Weekly Dose of Inspiration — Aug 9, 2021
Senior leaders in health agree that the future of the industry will be centered around customers and customer experience. As customers become more activated and empowered about their health care, and as nontraditional organizations or new entrants continue to offer customer-friendly health and wellness services, organizations are realizing that if they don’t evolve with customers, they may risk losing market share.
Reinventing business models and building new sources of revenue has never been more important for the healthcare industry — especially as it seeks to improve lives and livelihoods. The following article posits that a combination of rapid development in the areas of technology and medical science are ushering in next-gen managed care, integration of care around the patient, consolidation of care delivery institutions, and technology-enabled healthcare services businesses.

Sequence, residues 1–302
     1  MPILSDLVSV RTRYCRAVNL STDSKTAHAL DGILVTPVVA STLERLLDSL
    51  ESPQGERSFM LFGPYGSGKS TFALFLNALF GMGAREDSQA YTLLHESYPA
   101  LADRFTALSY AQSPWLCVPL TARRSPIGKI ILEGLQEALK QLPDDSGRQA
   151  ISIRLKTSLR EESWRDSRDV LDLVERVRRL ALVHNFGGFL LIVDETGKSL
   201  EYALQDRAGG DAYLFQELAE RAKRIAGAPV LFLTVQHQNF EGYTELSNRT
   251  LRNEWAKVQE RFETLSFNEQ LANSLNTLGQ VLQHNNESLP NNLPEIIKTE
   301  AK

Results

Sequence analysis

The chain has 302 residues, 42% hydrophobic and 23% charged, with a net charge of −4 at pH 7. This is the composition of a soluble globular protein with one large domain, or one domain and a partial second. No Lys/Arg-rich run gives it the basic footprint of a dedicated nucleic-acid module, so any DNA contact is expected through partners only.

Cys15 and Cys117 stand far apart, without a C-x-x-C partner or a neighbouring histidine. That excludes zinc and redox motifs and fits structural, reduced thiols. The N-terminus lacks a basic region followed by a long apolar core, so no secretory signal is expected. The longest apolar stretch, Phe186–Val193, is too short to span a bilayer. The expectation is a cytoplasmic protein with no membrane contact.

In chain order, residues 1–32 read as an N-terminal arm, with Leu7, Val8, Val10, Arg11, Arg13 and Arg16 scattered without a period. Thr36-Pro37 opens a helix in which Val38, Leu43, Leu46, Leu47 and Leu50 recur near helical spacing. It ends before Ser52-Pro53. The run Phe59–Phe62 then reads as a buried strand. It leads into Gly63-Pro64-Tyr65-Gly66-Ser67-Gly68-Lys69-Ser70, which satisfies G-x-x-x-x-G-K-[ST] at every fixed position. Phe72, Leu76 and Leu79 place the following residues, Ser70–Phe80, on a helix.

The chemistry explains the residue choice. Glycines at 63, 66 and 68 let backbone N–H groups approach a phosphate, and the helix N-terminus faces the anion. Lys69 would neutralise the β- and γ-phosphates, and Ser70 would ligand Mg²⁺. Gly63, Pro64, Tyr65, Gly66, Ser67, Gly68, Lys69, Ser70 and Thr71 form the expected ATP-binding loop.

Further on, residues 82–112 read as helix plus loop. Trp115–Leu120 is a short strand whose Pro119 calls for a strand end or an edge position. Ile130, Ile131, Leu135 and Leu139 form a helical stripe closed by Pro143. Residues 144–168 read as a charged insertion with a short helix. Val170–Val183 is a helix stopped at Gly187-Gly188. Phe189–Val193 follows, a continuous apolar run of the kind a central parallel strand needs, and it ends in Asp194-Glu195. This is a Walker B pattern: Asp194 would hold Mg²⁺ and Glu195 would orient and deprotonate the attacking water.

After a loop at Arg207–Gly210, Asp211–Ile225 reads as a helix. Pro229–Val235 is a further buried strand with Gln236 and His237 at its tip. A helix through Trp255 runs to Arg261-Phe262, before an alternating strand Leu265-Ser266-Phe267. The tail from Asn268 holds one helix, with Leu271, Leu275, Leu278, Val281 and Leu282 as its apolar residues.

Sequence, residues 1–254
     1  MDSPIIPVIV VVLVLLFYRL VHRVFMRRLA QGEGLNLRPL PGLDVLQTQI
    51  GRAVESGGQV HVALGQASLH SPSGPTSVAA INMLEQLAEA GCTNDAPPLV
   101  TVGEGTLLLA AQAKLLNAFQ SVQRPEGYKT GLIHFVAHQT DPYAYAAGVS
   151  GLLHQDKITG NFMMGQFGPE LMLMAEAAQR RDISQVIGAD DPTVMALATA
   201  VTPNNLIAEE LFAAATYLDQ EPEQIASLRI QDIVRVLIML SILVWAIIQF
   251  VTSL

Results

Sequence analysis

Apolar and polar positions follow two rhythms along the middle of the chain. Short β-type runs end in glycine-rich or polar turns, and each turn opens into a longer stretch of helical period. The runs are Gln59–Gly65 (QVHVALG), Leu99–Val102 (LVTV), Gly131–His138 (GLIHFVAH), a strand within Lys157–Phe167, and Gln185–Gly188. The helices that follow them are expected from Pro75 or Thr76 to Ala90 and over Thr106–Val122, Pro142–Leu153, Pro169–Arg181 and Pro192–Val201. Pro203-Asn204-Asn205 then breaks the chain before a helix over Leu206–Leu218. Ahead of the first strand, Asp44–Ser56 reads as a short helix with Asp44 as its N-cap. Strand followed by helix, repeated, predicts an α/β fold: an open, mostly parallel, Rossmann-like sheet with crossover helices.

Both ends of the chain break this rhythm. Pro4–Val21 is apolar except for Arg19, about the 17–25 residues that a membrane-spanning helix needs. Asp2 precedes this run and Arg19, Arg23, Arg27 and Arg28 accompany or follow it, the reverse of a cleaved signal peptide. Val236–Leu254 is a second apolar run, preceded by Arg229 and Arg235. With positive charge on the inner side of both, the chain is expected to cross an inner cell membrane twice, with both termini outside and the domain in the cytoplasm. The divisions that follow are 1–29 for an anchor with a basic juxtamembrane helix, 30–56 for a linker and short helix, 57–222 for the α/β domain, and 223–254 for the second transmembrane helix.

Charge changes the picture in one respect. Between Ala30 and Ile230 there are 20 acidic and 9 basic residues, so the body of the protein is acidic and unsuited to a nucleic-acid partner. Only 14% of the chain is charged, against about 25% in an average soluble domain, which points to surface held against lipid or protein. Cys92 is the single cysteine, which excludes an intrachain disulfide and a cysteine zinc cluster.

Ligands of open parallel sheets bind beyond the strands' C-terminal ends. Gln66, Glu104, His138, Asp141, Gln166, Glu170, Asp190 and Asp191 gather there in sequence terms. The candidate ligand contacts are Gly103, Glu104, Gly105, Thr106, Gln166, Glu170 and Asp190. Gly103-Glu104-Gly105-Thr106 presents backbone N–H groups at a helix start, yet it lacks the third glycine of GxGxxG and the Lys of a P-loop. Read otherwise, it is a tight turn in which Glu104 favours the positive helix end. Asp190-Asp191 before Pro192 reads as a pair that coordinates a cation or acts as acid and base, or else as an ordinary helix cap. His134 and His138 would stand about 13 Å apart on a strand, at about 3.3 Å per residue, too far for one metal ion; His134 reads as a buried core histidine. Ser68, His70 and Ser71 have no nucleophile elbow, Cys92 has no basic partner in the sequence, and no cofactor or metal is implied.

According to a research study conducted with 12,000 patients, 80% of those surveyed rated the services they used as valuable or extremely valuable, but few seem to be aware of them. Despite increased pharma investment, there’s been little to no increase in awareness and utilization in spite of the interest and willingness of patients to accept these patient support services. In the following report, six areas of opportunity are identified to help pharma raise awareness and increase engagement.
Healthcare winners today will need to profitably merge virtual/in-person care and weave in the digital tools that improve consumer and clinician relationships while enabling pharmaceutical companies to find their new footing in the blended virtual-physical visit and clinical trials. They will need to strike partnerships that strengthen their portfolios and rebuild their supply chains. The result is likely to lead to more reflective research, resilient operations, next-generation care delivery, and most importantly, better health for all.
No field of medicine receives more attention or resources than Oncology. It should come as little surprise then that progress in diagnosing and treating cancers has been substantial, which of course is great news for patients who are now living longer and better. But there is an inadvertent business impact for the biopharma companies that are leading R&D into new treatments. With all the advances in knowledge, disease understanding, technology and data comes greater fragmentation of patient cohorts and more complex treatment protocols.